inhibitors can be completely destroyed by sufficient heat
treatment. Data in the literature and our own observation111
show that, for instance in legumes, the thermal stability of
the trypsin and chymotrypsin inhibitors can vary very greatly
from species to species.
To obtain more precise information about this differing
behavior, we have isolated the trypsin and chymotrypsin
inhibitors from the legumes Pisum sativum var. balticum,
P. sativum var. Schneebergeri, Phaseolus vulgaris var. nanus,
Ph. coccineus, Lathyrusodoratrts, and Viciafaba, by extraction
of the ground seeds with HzS04 and fractional precipitation
with ammonium sulfate or, for Viciafaba, with acetone. The
specific activities of these crude inhibitors were 0.2 to 1.6 TIE
caslmg[**l and 0.3 to 0.8 CTIE cas/mg, or, for Viciafaba,
83 TIE ==/mg and 54 CTIE cas/mg. The pure inhibitor obtained, as described by Werle et nl. 121, from Lathyrus odoratus
by use of an insoluble trypsin derivative had 30 times the
activity of the crude preparation.
The following molecular weights were found by gel filtration
on Sephadex G 50 (sequence as above): 10800 and 15800
(2 fractions), 10900, 17100, 14600, 11700, and 10200. No
correlation could be found between thermal stability and
molecular weight.
The pure inhibitor from Lathyrus odoratus had a strikingly
high cysteine content, and an excess of acidic over basic
amino acids, but methionine was absent.
[VB 173 IE]
German version: Angew. Chem. 80, 1003 (1968)
[*I Dr.-Ing. J. Weder and Prof. Dr. H.-D. Belitz
Institut fur Lebensmittelchemie der Technischen Hochschule
8 Miinchen 2, Lothstr. 17 (Germany)
[**I TIEcas are trypsin inhibitor units and CTIEcas are chymotrypsin inhibitor units determined with casein as substrate, see
ref. [l].
[l] H.-D. Belirz, H. P. Wassner, and J . Weder, Z. LebensmittelUnters. u. -Forsch. 137, 211 (1968).
[2] H. Fritz, H. Schult, M. Hutzel, M . Wiedemann, and E. Werle,
Hoppe-Seylers 2. physiol. Chem. 348, 308 (1967).
The growth of anodic mercuric sulfide films on a mercury
electrode in solutions containing sulfide and the effect of
such films on the anodic dissolution of mercury have been
studied by R. D . Armstrong, D . F. Porter, and H. R. Thirsk
by measurement of potentiostatic switching curves. In the
initial stage of film formation, black mercuric sulfide (metacinnabarite, identified by electron diffraction) is deposited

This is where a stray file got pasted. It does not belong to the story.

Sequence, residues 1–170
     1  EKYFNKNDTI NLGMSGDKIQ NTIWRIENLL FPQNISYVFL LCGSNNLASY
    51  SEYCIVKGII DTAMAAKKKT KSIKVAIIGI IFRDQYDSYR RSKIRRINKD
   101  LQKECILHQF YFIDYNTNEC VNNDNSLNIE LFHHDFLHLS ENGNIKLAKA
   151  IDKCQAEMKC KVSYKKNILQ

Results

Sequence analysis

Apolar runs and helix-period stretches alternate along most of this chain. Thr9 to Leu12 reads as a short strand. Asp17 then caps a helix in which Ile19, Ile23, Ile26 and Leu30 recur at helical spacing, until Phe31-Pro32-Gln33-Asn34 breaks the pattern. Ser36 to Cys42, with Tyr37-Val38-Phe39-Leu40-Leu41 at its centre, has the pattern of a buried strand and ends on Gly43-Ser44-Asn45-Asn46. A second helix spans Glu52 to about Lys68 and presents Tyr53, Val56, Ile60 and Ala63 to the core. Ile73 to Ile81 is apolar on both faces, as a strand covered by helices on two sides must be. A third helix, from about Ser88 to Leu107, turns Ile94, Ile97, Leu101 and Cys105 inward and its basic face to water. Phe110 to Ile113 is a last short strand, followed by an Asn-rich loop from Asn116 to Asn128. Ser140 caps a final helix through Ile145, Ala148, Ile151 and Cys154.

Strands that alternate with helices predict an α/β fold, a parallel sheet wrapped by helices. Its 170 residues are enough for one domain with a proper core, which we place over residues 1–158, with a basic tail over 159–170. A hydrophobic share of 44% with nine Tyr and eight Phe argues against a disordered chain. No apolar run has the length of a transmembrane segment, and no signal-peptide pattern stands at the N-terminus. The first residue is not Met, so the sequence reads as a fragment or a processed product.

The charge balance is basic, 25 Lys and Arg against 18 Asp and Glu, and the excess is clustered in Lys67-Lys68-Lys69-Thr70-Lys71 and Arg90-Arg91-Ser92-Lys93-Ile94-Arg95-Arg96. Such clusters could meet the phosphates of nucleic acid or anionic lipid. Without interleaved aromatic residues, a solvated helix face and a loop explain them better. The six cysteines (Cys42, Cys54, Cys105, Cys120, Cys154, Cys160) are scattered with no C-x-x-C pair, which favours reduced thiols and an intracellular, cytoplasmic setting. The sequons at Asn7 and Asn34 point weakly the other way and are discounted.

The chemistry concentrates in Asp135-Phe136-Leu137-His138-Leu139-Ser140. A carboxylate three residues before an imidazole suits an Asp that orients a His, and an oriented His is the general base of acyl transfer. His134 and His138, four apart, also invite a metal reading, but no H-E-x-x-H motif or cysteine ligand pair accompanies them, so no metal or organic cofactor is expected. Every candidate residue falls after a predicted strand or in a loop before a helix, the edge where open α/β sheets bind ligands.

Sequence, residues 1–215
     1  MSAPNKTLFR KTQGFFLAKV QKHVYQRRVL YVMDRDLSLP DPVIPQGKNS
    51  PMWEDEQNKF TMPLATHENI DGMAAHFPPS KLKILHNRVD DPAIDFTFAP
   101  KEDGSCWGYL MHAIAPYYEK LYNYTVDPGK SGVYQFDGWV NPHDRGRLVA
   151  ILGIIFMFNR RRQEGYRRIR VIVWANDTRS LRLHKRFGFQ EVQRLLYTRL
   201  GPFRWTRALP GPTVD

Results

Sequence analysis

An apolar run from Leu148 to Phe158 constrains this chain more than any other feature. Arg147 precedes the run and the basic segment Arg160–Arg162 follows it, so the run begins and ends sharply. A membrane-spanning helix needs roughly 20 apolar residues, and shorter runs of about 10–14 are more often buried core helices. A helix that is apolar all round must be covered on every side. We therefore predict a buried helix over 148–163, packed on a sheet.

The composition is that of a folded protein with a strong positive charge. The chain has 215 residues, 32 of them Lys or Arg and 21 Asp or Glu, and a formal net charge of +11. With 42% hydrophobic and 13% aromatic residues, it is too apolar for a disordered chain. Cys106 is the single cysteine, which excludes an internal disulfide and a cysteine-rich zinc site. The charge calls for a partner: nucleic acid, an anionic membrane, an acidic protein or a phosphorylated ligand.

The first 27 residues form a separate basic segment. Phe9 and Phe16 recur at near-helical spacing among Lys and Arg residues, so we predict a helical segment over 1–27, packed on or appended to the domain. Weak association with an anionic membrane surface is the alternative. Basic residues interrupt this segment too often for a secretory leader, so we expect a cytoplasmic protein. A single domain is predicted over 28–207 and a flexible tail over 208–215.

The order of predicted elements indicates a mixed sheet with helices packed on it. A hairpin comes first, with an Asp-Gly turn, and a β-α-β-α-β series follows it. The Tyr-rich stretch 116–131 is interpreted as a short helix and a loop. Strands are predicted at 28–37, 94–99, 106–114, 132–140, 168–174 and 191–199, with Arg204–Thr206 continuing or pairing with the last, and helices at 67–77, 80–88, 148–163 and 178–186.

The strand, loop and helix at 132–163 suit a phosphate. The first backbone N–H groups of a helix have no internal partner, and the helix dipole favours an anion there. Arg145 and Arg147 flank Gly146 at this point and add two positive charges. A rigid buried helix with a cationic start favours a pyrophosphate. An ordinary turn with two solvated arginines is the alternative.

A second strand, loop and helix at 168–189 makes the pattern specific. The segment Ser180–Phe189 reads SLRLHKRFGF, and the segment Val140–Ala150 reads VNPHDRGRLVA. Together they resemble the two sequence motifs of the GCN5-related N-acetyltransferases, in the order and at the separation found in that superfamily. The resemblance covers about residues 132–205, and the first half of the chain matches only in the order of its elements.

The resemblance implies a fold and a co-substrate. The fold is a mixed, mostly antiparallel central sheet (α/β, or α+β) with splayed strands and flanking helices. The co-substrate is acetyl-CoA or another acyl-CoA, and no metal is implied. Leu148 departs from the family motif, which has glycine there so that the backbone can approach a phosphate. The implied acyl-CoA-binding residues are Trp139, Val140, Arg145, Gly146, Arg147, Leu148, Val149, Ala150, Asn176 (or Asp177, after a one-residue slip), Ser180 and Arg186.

on the electrode surface in two successive monolayers. Each
of these layers considerably reduces the rate of dissolution
of mercury to form HgSZz-. The current-voltage curve shows
a discontinuity for the formation of each monolayer of HgS.
It is mentioned that passivation processes on solid metal
electrodes could be similar in nature. / J. physic. Chemistry
72, 2300 (1968) / -Hz.
[Rd 921 IE]
The reaction of mercury atoms with chlorine atoms has been
investigated by D . G. Horne, R . Gosavi, and 0.P. Strausz.
The chlorine atoms were obtained by Aash photolysis of
CF3Cl sensitized by mercury vapor; the kinetics of the reaction were deduced from the absorption of HgCl at 2790 A.
The extinction coefficient of HgCl at 2790 was determined
as (1.6 rt 0.6). lo5 mole-' cm-1; the rate constant (second
order) of the reaction amounts to 3.1010 mole-1 sec-1 in
720 torr CF3CI and 0.9 * 1010 mole-1 sec-1 in 10 torr CF3CI f
710 torr Ar, and it is temperature-independent between 110
and 170 ' C . The rate constant (second order) of dimerization
of HgCl in the gas mixtures named has the value (3.0 f 1.8) .
1011 or (1.9 1.3) * 1011 mole-1 sec-1. / J. chem. Physics 48,
4758 (1968) / -Hz.
[Rd 925 IE]
The superconducting properties of ternary intermetallic compounds having a P-tungsten structure were studied by G. Otro.
The samples, which all had the composition Nb3(XI_,Mx)
with X = Al, Sn. or Ga and M Ga, Ge, In. or Sn, were
obtained by melting the powder-form elements under argon
in an electric arc and were studied in the quenched and in the
tempered state. In order to relate the transition temperature
Angew. Chem. internat. Edir.
Vol. 7 (1968)1No. 12
to other quantities that were not directly dependent on superconductivity, the lattice constants and micro-hardness of the
samples were measured. The highest transition temperature
was found for Nb3(Alo.7Geo.3) at 20.05 OK. As x varies in a
mixed-crystal series the transition temperature passes through
a maximum when a valence electron density of 0.26 A-3 is
reached. Further, the lowest micro-hardness and the highest
transition temperature occur together in one mixed-crystal
series. Tempering raises the transition temperature over that
of the quenched sample by a maximum of 1.3 "C. / Z. Physik
215, 323 (1968) / -Hz.
[Rd 926 IE]
The course of the synthesis of cyclooctatetraene by tetramerization of acetylene in the presence of nickel compounds has
been the subject of attempted quantum-chemical explanation
by E.-A. Reinsch. As well as fixing the geometrical relations
of the four acetylene molecules in a complex c ~ s - ~ N ~ ( C ~ H Z ) ~ X ~ ]
where X is a further unidentate iigand, the nickel has the
function of orienting two unpaired electrons spatially to two
acetylene ligands in such a way that a new C-C bond can be
formed. The orbitals necessary for this catalytic assistance
are singly occupied only in magnetically normal d8 complexes
(high spin); other electron configurations do not come into
consideration for this purpose. The special feature of paramagnetic nickel complexes in catalysis of this reaction is thus
explained. / Theor. chim. Acta 11, 296 (1968) / -Hz.
[Rd 927 IE]
Amide ions NH; as color centers in crystallme KCI, KBr, and
KI were investigated by R. Windheim. In an electric field or
under uniaxial mechanical strain the crystals show peculiarities due to the fact that the color centers are not centrosymmetric; the oscillator strengths of the UV bands at 295 nm
are larger in the HNH plane than perpendicular to it. The
NH; ions orient themselves, so far as possible, with their
dipoles in the (100) direction. The orientation favored under
uniaxial strain is that where the protons are separated as
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particular, references, analysis, quality, foodstuffs, control